I saw this film yesterday. It's been making the art house circuit around the country this summer. It was made in 1975 and won a prize at the Berlin Film Festival that same year. However, it failed to be picked up for distribution in the US. In 2005, it was re-discovered by the programming director of the Telluride Film Festival who helped get it a limited release this summer.
The film is about a teenage Brit during WWII. The film starts with him showing up for basic training during the London Blitz. It ends with him (Tom) dying on the landing craft at Normandy. That's not a spoiler per se because Tom has frequent premonitions and visions of his death. His death is pretty well foreshadowed.
The director scoured the Imperial War Museum for war footage. He then recreated the black & white look to weave the plot into war footage. According to reviews, about 25% of the 90 minute film is war footage. He included some Nazi war footage too.
The plot is spartan or you can use the more impressive sounding term elegiac. You don't see Tom doing much but through conversations, inner dialogue, dreamlike sequences, and what action there is, you get the impression that Tom is a shy boy forced to be a man before he is ready. Tom is not a particularly good soldier. He is shy around girls and is most likely a virgin. He is likeable enough but never forms close relationships with his comrades in arms. Most of the film takes place in the years leading up to D-Day with the final 10 minutes or so set in the landing craft. I think Tom's character was deliberately vague so he could represent the generation of lost Engish youth who died during WWII.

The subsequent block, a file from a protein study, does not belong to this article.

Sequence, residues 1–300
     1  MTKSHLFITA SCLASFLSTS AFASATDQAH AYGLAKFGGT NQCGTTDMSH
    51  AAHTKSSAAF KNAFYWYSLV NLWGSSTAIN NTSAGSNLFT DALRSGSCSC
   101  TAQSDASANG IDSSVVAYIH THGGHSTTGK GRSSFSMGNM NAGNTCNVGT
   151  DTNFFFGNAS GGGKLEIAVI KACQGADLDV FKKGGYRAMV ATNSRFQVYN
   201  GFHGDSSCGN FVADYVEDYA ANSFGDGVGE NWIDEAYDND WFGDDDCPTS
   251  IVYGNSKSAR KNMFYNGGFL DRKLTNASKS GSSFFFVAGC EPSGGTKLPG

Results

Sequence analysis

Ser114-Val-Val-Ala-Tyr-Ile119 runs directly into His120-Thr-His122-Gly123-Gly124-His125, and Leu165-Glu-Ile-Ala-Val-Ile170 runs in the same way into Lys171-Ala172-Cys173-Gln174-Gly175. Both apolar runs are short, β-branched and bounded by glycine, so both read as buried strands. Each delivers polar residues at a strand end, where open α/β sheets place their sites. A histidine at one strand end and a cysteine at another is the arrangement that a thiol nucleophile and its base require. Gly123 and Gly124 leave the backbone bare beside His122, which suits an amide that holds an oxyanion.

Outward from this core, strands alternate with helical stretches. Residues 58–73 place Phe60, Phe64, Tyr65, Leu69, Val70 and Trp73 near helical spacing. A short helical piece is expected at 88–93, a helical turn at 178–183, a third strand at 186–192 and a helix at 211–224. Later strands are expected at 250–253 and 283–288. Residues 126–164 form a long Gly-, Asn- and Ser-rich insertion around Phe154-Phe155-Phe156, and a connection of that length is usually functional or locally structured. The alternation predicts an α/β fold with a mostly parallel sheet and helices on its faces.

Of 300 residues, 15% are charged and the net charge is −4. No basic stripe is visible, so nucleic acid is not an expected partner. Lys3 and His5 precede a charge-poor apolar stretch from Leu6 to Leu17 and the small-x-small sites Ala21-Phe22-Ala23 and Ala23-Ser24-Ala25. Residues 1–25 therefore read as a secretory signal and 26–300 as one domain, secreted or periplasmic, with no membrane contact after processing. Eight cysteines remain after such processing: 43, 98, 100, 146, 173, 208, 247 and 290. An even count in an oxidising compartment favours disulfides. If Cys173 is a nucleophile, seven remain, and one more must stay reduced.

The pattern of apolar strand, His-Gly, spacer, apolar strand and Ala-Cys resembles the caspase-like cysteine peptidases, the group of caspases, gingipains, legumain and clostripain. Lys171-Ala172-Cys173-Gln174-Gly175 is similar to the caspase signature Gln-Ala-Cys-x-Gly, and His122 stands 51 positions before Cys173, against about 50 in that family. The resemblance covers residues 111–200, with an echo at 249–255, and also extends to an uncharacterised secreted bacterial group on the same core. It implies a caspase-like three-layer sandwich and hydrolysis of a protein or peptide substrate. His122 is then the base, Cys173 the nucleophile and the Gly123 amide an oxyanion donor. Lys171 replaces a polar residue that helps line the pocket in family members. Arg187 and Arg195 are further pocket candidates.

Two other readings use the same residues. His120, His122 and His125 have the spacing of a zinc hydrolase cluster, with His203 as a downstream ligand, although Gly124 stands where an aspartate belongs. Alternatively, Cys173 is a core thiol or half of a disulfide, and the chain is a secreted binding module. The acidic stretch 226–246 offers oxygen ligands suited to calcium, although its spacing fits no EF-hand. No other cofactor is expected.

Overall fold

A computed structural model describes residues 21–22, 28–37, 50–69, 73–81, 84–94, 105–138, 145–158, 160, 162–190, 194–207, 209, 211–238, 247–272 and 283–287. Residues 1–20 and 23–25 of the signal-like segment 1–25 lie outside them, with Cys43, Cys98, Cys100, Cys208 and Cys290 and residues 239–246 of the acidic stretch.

The film has been earning high praise from reviewers but I wasn't quite as enthusiastic. Set in the 1940's, the film has a 1970's feel to it. It feels like a film school project made by a guy with 1970's sensibilities.
One thing that bothered my anal retentive nature was the timeline. If I recall correctly, Tom reports to the Army in 1941 and does not see any combat until June 1944. I find it highly unlikely that the British trained their troops for more than 2.5 years. Tom turns 21 right before D-Day. I assume the Brits drafted men as they turned 18. That matches the story in that Tom reported in 1941.
The main perspective is how one man was part of a huge war machine. When that one man is a small man to start with, his story is lost to history. Even in his death, Tom's army buddies have to leave him behind because they need to wade ashore to get to the Normandy beaches. Tom, a loner in life, remained as such in death.
|This message has been edited by scalias on Oct 9, 2006 5:18 PM|